Attorney General Asks Court to Halt Illegal Water Rule
Texas Attorney General Ken Paxton today asked a federal judge to halt the U.S. Environmental Protection Agency’s (EPA) overreaching new water rule, jointly issued with the U.S. Army Corps of Engineers, which vastly expands federal jurisdiction over “navigable waters” under the Clean Water Act. Texas is asking the judge to lift a temporary judicial stay of the litigation and issue a preliminary injunction, arguing that the rule violates the U.S. Constitution, federal law and U.S. Supreme Court precedent, and places immediate and costly burdens on landowners in Texas.
“This lawsuit is about reining in the EPA’s blatant overstep of federal authority,” Attorney General Paxton said. “Their latest attempt to control private and public lands and waters puts all Texas property owners at risk, making everything from ditches to dry creek beds subject to costly federal regulation. We must protect Texans’ ability to use their own property, and my office will continue to fight the Obama Administration’s overly broad and unconstitutional water rule in court.”
The EPA’s actions are inconsistent with U.S. Supreme Court precedent in SWANCC v. Army Corps of Engineers andRapanos v. U.S., in which the Court ruled that the federal government exceeded its statutory authority by attempting to regulate areas never intended by Congress to be under federal jurisdiction. The rule is contrary to the congressional intent of the Clean Water Act and infringes on the states’ ability to regulate their own natural resources.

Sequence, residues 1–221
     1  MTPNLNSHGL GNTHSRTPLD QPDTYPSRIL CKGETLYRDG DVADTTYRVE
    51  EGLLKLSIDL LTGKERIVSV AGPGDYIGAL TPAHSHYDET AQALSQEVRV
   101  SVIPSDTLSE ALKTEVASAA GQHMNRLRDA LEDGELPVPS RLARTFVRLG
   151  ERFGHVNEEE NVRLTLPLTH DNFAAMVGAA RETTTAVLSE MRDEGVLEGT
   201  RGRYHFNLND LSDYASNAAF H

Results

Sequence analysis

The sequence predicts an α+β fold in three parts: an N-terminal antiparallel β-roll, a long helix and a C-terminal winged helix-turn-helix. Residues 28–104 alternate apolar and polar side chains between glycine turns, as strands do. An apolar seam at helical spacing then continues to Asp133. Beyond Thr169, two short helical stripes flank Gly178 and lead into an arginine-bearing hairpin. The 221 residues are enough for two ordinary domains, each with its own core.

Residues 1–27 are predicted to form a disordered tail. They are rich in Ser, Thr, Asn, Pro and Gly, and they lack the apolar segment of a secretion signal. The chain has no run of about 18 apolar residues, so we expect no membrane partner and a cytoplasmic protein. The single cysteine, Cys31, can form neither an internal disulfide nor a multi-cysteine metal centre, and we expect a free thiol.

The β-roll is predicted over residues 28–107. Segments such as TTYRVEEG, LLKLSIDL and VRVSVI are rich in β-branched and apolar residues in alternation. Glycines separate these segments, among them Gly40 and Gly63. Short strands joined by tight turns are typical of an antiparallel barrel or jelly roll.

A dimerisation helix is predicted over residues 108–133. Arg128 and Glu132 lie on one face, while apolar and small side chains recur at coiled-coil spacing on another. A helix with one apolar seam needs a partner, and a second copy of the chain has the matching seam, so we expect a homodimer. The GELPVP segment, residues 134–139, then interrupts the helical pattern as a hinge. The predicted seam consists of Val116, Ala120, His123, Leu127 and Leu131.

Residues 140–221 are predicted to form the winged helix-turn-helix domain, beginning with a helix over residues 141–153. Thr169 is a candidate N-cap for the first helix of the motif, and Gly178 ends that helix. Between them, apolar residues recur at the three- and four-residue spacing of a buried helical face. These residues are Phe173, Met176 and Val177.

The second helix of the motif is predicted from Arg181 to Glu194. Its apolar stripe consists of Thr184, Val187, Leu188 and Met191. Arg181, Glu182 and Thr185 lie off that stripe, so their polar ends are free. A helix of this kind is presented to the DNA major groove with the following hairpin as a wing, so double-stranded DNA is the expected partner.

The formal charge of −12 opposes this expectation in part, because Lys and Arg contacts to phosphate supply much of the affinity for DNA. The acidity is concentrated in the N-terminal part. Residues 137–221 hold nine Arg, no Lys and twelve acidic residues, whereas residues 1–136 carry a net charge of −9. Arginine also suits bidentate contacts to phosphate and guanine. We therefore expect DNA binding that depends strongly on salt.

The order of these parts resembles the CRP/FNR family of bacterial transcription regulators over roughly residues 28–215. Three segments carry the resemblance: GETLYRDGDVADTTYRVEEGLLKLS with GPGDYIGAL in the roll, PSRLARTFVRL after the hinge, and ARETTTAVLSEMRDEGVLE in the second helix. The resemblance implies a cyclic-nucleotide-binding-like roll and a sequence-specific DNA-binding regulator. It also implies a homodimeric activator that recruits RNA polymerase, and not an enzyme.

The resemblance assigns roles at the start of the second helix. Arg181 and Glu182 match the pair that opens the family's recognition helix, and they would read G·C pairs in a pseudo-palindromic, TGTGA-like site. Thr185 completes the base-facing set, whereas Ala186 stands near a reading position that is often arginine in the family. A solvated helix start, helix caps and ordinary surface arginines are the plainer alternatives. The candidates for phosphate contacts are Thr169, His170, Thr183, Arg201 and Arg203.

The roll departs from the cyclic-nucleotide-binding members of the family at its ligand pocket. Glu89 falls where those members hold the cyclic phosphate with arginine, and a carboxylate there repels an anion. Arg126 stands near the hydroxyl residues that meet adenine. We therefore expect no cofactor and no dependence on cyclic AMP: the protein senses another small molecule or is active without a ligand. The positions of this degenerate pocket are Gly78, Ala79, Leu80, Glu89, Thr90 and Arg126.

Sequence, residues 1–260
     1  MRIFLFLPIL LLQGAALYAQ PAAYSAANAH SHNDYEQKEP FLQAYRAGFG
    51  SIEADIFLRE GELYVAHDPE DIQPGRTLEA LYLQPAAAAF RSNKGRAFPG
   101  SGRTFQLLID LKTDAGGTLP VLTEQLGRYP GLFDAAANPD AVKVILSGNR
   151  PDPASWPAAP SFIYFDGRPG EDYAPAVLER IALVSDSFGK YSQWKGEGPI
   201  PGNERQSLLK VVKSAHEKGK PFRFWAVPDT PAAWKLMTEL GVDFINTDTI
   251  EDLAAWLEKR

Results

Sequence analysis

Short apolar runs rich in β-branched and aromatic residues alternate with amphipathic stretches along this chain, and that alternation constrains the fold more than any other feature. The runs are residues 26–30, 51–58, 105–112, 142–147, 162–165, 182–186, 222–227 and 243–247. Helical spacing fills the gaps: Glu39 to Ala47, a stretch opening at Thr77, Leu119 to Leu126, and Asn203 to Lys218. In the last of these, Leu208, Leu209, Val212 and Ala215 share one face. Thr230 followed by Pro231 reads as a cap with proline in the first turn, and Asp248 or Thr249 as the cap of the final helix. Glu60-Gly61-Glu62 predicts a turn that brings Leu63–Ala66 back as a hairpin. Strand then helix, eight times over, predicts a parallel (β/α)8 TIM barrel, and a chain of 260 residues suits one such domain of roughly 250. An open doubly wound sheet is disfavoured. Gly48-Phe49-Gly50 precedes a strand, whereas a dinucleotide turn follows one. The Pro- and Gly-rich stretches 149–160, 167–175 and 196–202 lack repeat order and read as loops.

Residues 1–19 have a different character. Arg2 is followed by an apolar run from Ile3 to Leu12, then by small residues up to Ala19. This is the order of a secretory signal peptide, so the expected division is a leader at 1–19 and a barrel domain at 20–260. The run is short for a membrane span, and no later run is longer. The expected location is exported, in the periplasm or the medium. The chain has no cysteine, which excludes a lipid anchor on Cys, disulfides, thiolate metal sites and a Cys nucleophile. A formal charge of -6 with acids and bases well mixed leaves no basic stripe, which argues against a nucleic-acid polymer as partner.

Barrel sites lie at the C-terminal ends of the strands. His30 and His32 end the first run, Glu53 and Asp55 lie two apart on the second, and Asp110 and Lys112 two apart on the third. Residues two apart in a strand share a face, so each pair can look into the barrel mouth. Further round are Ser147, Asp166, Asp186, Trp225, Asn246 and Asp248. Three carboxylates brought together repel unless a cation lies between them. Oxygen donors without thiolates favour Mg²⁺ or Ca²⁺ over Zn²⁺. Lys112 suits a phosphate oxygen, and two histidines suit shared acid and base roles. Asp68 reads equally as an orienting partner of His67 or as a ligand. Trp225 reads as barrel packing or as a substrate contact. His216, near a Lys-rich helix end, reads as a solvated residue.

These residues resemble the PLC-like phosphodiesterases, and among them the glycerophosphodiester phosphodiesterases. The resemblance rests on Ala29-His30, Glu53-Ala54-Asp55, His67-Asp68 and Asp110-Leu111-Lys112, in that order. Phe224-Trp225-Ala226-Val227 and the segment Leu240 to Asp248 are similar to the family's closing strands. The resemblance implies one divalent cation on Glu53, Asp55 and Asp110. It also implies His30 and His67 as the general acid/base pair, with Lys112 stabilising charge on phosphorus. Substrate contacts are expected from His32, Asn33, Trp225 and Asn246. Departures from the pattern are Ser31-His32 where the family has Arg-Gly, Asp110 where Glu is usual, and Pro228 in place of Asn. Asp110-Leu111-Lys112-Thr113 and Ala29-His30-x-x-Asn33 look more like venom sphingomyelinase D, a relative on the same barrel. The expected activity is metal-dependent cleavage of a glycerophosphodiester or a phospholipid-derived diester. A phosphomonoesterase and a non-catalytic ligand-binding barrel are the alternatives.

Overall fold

Attorney General Paxton filed a lawsuit against the EPA’s water rule on June 29, on behalf of Texas, Louisiana and Mississippi. The case was stayed pending a jurisdictional decision regarding whether Texas’ case and similar cases in other federal districts should be consolidated. A federal judge in North Dakota last month issued a preliminary injunction on the EPA’s water regulations, but limited that injunction to 13 states. The final rule became effective August 28, expanding the scope of the federal government’s jurisdiction over waters under the Clean Water Act.